Isolated on the right? How Bibi's natural coalition may not unite around him after the next election

Having sacked ministerial rivals Naftali Bennett and Ayelet Shaked, Benjamin Netanyahu has created more enemies among potential partners


Only eight weeks ago, Benjamin Netanyahu was going into the election with the endorsements of the entire right wing and religious camp in his pocket.

The leaders of six parties had all publicly committed themselves to supporting his coalition after the election.

But following the unprecedented dissolving of the Knesset on Wednesday night, and Sunday’s summary firing of the two ministers of the New Right party, the right wing is suddenly a much less hospitable environment for the prime minister.

There are still three-and-a-half months to go to the second election, but as things stand now, it is highly unlikely that either Yisrael Beitenu leader Avigdor Lieberman or New Right’s Naftali Bennett, just stripped of his cabinet post of education minister, will pledge allegiance to Mr Netanyahu in advance.

As far as Mr Lieberman is concerned, it is open warfare between him and the prime minister.

Ever since Wednesday night, when the former defence minister decided not to join the coalition, the two former allies and their proxies have not stopped trading barbs over who is more of a liability to a truly right-wing government.

He repeatedly ignored reporters’ questions over whether he intends to endorse Mr Netanyahu this time around and is relishing his new role as kingmaker — the first polls of this election campaign indicate that Yisrael Beitenu will increase its current tally of five seats and will have the power once again to block a Netanyahu government.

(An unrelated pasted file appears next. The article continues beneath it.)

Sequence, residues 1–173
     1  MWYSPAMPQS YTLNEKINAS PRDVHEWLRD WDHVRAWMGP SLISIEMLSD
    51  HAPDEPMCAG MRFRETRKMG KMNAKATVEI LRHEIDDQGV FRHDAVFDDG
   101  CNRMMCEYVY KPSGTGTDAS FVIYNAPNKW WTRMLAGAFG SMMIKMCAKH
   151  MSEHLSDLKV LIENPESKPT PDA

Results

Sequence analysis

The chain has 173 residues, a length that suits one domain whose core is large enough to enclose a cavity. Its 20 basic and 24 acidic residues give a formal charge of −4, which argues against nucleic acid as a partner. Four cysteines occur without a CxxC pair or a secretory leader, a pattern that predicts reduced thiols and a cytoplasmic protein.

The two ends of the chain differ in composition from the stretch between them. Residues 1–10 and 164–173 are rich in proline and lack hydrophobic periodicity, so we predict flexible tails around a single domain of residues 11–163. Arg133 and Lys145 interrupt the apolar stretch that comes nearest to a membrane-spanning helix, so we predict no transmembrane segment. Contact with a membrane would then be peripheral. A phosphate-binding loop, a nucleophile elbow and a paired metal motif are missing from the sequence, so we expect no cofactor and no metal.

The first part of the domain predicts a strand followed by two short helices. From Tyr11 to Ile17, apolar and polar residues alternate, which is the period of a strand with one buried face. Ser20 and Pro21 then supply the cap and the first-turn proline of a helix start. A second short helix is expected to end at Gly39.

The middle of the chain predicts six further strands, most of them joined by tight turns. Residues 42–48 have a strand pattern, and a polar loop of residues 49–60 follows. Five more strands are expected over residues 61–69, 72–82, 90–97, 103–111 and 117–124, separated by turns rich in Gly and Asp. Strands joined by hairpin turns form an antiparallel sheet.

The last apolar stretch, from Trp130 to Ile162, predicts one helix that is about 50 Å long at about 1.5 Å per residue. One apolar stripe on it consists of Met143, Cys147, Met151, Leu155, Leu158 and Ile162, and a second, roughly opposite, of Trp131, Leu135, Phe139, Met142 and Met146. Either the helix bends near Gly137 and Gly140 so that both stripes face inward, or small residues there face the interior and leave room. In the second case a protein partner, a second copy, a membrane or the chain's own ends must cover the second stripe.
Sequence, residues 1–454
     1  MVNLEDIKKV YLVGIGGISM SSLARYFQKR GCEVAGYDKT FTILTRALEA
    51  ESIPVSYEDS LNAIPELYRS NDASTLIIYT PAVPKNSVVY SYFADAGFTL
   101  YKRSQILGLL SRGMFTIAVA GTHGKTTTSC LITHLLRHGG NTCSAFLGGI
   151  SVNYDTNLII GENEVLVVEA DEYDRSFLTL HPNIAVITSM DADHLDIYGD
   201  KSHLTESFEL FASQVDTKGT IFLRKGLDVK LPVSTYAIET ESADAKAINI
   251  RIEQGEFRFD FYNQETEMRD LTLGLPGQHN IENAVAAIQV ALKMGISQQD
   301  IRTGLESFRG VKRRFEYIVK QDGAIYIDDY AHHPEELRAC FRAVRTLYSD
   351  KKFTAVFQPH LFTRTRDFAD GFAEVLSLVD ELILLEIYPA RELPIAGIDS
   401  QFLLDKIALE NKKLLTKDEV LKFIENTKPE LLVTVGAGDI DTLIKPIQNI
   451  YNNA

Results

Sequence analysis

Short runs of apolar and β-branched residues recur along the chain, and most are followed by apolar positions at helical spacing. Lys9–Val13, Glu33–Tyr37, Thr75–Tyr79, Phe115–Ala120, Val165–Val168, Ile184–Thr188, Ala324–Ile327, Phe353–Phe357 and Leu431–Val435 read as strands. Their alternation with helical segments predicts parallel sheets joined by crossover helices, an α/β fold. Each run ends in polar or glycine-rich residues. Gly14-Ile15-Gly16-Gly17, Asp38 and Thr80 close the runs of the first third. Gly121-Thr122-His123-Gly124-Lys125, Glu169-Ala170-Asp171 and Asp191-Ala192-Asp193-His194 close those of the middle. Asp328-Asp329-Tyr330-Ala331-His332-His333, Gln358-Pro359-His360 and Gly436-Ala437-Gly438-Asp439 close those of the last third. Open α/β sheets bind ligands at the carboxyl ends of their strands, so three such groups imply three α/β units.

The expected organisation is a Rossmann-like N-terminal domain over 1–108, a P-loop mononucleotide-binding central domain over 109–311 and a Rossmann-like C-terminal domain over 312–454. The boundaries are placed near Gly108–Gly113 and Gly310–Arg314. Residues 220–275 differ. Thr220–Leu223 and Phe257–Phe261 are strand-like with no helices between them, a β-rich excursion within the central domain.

But it gets worse for the prime minister, as Mr Bennett is running again, stung by the humiliating fashion of his firing, before Mr Netanyahu had decided on a replacement to start the preparations for the new school year.

He also refused to answer whether he would support Mr Netanyahu after the second election of 2019.

It is still unclear if Justice Minister Ayelet Shaked, who was also fired at the weekend, will again be joining Mr Bennett in the New Right party.

But if they do reunite and cross the election threshold, unlike on April 9, it would represent a significant chunk of the right-wing and religious bloc that could be implacably opposed to serving under Mr Netanyahu.

Three-and-a-half months is a long time in politics, but a reconciliation does not seem on the cards ahead of a election campaign that already features intense acrimony on the right.

Released from any commitment to Mr Netanyahu, both Mr Lieberman and Mr Bennett could seek to form a coalition with centrist Blue & White and, who knows, perhaps with some of the Likud MKs who have hitherto voiced their frustration with their leader only strictly off-record.

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